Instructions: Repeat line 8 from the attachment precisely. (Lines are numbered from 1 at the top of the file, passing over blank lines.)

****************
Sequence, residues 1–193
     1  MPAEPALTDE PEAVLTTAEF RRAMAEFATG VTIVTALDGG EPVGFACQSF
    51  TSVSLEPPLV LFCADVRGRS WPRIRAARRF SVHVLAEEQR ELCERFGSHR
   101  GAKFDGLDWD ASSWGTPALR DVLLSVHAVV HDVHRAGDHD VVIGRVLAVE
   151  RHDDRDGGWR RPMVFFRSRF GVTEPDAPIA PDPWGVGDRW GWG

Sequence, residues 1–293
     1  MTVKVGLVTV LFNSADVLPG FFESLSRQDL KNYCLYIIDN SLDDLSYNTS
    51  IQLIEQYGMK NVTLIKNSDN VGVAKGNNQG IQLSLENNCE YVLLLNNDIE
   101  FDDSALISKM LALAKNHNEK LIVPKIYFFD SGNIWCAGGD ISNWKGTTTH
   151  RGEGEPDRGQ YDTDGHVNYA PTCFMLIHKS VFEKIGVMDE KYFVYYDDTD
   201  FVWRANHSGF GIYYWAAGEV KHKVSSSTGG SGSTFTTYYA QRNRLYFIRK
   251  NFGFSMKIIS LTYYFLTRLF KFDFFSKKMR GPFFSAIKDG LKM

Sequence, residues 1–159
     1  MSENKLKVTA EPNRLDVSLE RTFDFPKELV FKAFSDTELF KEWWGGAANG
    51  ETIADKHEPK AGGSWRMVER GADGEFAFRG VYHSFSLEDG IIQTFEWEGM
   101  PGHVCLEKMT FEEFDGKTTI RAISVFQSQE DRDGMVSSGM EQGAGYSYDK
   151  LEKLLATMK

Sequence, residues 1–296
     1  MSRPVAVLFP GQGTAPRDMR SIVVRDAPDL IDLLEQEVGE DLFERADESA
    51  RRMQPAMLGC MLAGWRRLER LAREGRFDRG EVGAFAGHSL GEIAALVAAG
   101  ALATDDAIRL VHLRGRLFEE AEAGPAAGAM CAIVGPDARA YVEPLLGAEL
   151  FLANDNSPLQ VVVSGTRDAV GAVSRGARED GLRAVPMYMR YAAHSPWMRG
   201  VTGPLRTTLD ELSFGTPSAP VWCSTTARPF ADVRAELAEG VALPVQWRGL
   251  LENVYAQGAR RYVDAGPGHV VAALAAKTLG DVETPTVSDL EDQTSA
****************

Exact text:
    51  IQLIEQYGMK NVTLIKNSDN VGVAKGNNQG IQLSLENNCE YVLLLNNDIE